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Calcium disorders: Treatment, symptoms, advice and help


Calcium is stored in the body almost exclusively in the bone. Only about 1% is available in the extra-cellular fluid. Most laboratories measure total serum calcium although the biologically active fraction is the ionised calcium. This accounts for about half the calcium measured.

The main binding protein for calcium within the serum is albumin. Calcium levels can appear low or high if the serum albumin is low or high. Formulae have been used to adjust for this. One formula commonly used is to add 0.02 mmol/L of calcium to the total calcium for every 1g/L that the serum albumin is below 40 and to subtract in the same way for every 1g/L that the albumin is above 40.

The result obtained gives an approximate estimate as to whether there is likely to be a normal amount of ionised calcium in the circulation. Ionised calcium is also affected by blood pH. Calcium disassociates from albumin in states of acidosis and binds in states of alkalosis. A mild tetany can be induced by hyperventilation.

Several hormones are involved in the regulation of calcium turnover of which the two most important are parathyroid hormone and 1, 25-dihydroxycholecalciferol.

Parathyroid Hormone

Parathyroid hormone is an 84 amino-acid polypetide secreted from the four parathyroid glands in response to the circulating calcium level mediated by a calcium receptor. The ultimate effect of parathyroid hormone within the bone is to stimulate osteoclast activity, bone breakdown and to release calcium into the circulation. In the kidneys it is a phosphaturic hormone and promotes calcium excretion. It stimulates the hydroxylation of 25-hydroxycholecalciferol to 1,25-dihydroxycholecalciferol in the kidneys.

Vitamin D

Vitamin D is a sterol which is synthesised in the skin as vitamin D3 (cholecalciferol). Vitamin D2 is used to fortify dairy products and is derived from a plant sterol. Vitamion D3 undergoes 25-hydroxylation to 25-hydroxycholecalicerol in the liver. It is converted in the kidneys to 1,25-dihydroxycholecalciferol, the active form, which promotes intestinal calcium absorption.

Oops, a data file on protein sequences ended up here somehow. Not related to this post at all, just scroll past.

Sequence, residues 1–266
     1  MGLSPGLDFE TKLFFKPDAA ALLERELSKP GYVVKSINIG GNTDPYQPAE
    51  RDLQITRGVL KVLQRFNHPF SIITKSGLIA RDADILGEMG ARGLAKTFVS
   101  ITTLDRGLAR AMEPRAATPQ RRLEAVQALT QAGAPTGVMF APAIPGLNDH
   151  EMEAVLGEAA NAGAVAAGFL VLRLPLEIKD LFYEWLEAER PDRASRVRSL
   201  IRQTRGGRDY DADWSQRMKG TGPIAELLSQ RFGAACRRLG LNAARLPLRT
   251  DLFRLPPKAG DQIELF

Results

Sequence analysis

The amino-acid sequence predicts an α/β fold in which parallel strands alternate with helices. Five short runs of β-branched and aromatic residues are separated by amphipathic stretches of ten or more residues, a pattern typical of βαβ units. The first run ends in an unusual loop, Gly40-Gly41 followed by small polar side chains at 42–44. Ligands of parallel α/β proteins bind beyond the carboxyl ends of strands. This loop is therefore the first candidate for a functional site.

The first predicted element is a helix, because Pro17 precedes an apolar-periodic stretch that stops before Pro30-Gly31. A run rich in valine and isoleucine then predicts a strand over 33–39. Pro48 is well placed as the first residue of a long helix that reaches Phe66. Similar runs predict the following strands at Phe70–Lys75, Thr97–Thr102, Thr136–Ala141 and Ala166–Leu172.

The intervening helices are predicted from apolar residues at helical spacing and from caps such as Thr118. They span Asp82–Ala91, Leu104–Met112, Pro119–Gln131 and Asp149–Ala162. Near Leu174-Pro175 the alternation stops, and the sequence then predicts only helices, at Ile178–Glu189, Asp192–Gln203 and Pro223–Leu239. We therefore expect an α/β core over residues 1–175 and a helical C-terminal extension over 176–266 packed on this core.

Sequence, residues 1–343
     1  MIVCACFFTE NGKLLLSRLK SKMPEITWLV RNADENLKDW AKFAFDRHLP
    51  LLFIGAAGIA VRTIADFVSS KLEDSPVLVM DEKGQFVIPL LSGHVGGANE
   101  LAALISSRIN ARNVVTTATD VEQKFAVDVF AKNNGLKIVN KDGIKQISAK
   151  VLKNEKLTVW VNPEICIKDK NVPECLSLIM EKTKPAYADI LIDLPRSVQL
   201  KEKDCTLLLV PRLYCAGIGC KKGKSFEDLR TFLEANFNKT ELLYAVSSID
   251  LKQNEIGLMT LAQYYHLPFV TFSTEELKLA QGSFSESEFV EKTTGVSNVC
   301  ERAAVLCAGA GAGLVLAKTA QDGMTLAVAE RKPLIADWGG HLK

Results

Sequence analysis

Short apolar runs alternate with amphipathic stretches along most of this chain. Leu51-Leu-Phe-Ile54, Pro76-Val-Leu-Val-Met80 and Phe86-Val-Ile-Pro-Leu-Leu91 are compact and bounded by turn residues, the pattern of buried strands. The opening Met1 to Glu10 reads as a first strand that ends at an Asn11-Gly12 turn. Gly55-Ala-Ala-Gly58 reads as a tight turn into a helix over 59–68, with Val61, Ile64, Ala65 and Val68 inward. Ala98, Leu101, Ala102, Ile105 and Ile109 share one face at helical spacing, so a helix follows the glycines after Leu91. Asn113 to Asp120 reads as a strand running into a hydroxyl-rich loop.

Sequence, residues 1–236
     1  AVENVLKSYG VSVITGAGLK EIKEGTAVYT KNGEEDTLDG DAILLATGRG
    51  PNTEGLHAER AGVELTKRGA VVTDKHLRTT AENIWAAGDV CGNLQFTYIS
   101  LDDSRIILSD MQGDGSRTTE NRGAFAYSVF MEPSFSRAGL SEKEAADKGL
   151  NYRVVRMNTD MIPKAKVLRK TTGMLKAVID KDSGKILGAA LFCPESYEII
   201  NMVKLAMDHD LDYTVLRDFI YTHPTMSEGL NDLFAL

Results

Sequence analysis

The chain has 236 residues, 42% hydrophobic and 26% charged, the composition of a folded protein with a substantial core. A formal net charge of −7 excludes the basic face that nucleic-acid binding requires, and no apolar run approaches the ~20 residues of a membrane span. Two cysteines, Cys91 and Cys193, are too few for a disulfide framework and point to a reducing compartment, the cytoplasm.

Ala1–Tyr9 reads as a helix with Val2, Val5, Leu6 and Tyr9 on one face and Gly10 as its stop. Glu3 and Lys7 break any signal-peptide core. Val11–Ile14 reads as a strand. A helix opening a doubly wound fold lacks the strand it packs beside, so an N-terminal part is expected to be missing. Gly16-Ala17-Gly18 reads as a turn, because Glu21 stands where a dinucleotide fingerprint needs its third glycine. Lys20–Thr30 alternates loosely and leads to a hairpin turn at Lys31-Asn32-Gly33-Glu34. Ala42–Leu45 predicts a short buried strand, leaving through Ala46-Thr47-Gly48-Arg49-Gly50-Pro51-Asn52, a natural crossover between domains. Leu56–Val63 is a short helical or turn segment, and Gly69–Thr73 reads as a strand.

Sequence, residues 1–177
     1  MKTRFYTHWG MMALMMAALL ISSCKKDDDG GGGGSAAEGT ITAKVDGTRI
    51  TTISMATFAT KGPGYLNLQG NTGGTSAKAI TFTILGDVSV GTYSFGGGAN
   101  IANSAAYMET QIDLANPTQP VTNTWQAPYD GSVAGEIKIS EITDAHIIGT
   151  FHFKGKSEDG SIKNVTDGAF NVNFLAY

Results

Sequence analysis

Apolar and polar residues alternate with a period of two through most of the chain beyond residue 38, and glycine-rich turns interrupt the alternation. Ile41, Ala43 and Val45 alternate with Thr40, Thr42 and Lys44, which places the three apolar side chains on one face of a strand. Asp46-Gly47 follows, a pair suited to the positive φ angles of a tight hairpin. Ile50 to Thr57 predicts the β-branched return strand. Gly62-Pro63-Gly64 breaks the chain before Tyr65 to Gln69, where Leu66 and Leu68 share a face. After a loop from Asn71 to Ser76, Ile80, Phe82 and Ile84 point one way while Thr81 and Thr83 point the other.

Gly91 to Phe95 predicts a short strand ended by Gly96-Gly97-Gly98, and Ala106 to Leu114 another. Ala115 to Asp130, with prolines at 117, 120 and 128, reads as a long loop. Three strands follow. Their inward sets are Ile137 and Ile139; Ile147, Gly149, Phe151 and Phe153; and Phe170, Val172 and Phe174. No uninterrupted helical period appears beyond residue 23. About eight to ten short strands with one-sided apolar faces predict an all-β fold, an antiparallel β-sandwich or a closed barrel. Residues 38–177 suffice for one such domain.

The two common causes of hypercalcaemia are primary hyperparathyroidism and malignancy. The relative frequency of each depends on the population surveyed. In community studies hyperparathyroidism is easily the most common cause. In hospital studies malignancy is more common.

Other causes of hypercalcaemia include thiazide diuretics, sarcoidosis, vitamin D intoxication, renal failure, milk alkali syndrome and familial hypocalciuric-hypercalaemia.

Symptoms Of Hypercalcaemiaa

In modern medical practice calcium is routinely measured as part of a biochemical profile. In consequence many more cases of hypercalcaemia come to light these days than in previous years. Most cases of hypercalcaemia are asymptomatic. More severe hypercalcaemia may cause tiredness, lethargy, thirst, polyuria, constipation and renal stones.


Primary hyperparathyroidism affects women more commonly than men. It most commonly arises from an adenoma in one of the four parathyroid glands. In the minority of cases there may be hyperplasia of all four glands. In a few cases there is also an association with multiple endocrine neoplasia.

The hypercalcaemia may be mild to severe and there is hypophosphataemia. Although not routinely measured 1,25-dihydroxycholecalciferol levels are raised due to stimulation of the renal 1-hydroxylation process by PTH. The adenoma may be localised by ultrasound scanning or sestamibi scanning. In practice the best way to localise an adenoma if this is necessary is at operation when performed by an experienced parathyroid surgeon.

In most cases the hyperparathy